(Bloomberg) -- Matteo Renzi might not be the only person this week to have his plans thrown up in the air by the Italian electorate.
His countryman Mario Draghi, president of the European Central Bank, will now have to take into account the scale of Renzi’s defeat in Sunday’s constitutional referendum -- and resignation as prime minister -- as the ECB evaluates its quantitative-easing program. The result has the potential to stoke market turmoil, widen bond spreads and depress the growth outlook, and so throw a spanner in the works of a finely calibrated monetary mechanism.
Draghi’s Governing Council is considering whether to adjust and extend QE so that it can keep going in tight bond markets as long as needed to achieve its inflation goal, with a decision due Thursday. The task of sustaining the recovery would have been easier had the euro area’s third-largest economy been able to give itself a boost in the shape of an accelerated reform program; now the ECB may instead have to return to firefighting duties in financial markets.
“Italy has missed a splendid opportunity to reform its political system and streamline its public administration,” said Holger Schmieding, chief economist at Berenberg Bank in London. “The heightened uncertainty strengthens the case for the ECB to announce this Thursday an extension of its full asset-purchase program of 80 billion euros per month beyond March 2017.”
A spokesman for the ECB declined to comment, though Governing Council member Ewald Nowotny warned against drawing premature conclusions.
“The European Central Bank has the task of making monetary policy for the entire euro area, not for a single country,” he told reporters in Vienna, adding that Italian government bond yields have risen, but their level is not “alarming.”
The yield on Italian 10-year bonds was up 13 basis points at 2.035 percent at 1:14 p.m. Rome time. The euro slid as much as 1.5 percent before recovering to trade 0.4 percent higher at $1.0703.
Structural adjustments intended to boost the region’s growth potential are seen by the central bank as a vital counterpart to monetary support, and Italy, with stagnant productivity and a banking sector saddled with soured loans, is a chief candidate for reform. The ECB may now find itself having to support the economy more, or for longer.
According to a Bloomberg survey of economists before the vote, Draghi will announce an extension of asset purchases on Thursday at the current pace. Most respondents also said that the scenario of slowly accelerating inflation and a moderate but steady recovery will give him room to start tapering by late 2017.
The scale of Renzi’s loss may now endanger that scenario. The vote caps a year of political upheavals in the European Union, including the decision by the U.K. six months ago to leave the bloc. As then, ECB officials are likely to stress their ability to manage liquidity shortages in the bloc’s financial system while playing down the need for any larger interventions, such as a repeat of the 2011 expansion of the central bank’s first government bond-buying program to rein in soaring Italian yields.
“The referendum in Italy yesterday may be deemed as another source of uncertainty,” ECB Governing Council member Francois Villeroy de Galhau said in a speech on Monday in Tokyo. “However it cannot be compared to the British referendum: Italian people have been called to the polls to vote on an internal constitutional matter, and not about Italy’s long-standing EU membership. We will nevertheless look closely at its consequences.”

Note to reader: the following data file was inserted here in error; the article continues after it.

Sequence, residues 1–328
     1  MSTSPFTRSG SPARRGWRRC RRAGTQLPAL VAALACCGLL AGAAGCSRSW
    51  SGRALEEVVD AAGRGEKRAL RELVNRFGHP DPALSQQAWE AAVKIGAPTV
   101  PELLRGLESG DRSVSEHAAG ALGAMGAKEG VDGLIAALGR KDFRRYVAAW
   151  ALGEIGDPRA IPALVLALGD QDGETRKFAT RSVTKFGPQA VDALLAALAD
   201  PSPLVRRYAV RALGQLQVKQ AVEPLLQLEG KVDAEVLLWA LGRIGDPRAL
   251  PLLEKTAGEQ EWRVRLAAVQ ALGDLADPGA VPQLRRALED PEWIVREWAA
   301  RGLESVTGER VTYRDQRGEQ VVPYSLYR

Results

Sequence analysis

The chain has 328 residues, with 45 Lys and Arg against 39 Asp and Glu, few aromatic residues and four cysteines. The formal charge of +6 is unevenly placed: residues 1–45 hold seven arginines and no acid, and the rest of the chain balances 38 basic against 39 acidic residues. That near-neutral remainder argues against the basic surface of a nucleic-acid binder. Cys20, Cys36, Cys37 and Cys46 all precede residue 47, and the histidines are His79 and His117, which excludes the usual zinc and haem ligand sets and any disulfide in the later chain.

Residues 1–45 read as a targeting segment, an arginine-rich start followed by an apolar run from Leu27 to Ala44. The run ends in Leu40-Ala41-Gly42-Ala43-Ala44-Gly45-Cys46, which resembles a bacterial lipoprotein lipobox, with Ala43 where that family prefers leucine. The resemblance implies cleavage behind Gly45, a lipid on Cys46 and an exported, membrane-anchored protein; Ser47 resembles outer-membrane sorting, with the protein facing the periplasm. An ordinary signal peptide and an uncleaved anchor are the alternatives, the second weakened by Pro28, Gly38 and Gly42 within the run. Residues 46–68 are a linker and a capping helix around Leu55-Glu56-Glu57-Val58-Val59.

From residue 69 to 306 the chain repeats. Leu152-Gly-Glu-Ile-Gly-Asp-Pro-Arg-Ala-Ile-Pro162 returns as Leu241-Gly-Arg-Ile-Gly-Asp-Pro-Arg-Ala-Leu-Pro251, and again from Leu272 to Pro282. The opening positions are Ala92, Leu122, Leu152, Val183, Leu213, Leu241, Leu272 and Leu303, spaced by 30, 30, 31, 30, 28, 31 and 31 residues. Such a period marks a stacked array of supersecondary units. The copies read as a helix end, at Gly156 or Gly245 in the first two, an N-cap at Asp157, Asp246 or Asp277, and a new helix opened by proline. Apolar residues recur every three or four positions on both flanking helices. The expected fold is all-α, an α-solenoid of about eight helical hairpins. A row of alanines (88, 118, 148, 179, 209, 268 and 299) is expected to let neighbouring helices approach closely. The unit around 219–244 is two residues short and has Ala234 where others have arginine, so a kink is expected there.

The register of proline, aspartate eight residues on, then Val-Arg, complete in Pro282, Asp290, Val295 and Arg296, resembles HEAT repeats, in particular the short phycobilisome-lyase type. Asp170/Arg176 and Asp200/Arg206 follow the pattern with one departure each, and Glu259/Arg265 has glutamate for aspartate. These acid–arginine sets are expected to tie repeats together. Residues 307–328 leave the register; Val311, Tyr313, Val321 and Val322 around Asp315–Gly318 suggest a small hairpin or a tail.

In June, in the aftermath of the Brexit vote, central banks around the world including the ECB offered the financial system fresh funds, and some even intervened in currency markets, to prevent investor unease spiraling out of control. Then, global markets mostly calmed after some initial volatility.
“Political uncertainty is dominant,” ECB President Mario Draghi said in an interview with El Pais published last week. “So far we’ve seen that in the short-term the response to these uncertainties has been more muted than people expected.”
While the ECB may be on top of any initial turmoil, it can do less about the hit to longer-term growth expectations that political paralysis in Italy may bring. The economy there has barely grown since entering the euro, and output per head is below the level before the single currency was introduced. The Italian statistics agency Istat forecast in November an expansion of 0.8 percent in 2016 and 0.9 percent next year.
If Italy’s growth is hobbled further, that bodes ill for the ECB’s own outlook for the euro area. Fresh forecasts are due to be presented at the policy meeting that culminates on Dec. 8, and which will serve as the basis for the decision on QE.
The referendum also has the prospect to deepen the crisis in Italy’s banking sector, which under the weight of around 360 billion euros in non-performing loans and weak profitability has seen an investor sell-off this year. That outcome also falls at the ECB’s door, as the central bank is responsible for euro-area banking supervision, and, if needed, triggering resolution proceedings.
Bondholders of the country’s third-largest lender, Banca Monte dei Paschi di Siena SpA, last week agreed to swap more than 1 billion euros ($1.1 billion) of subordinated notes for shares, making it easier for the bank to complete a vital 5 billion-euro capital increase by the end of the year. That, too, may now be at risk. Monte Paschi shares slid as much as 7.5 percent.
“Renzi had brought some hope that Italy would finally be embarking on a path of real economic reforms, but these hopes have now been dashed,” Jan von Gerich, global fixed income strategist at Nordea Bank in Helsinki, said in a note to clients. If Draghi doesn’t seem willing to use the bond-buying program now to contain Italian yields if needed, “it would dent confidence in the central bank’s ability to control the bond markets,” he said.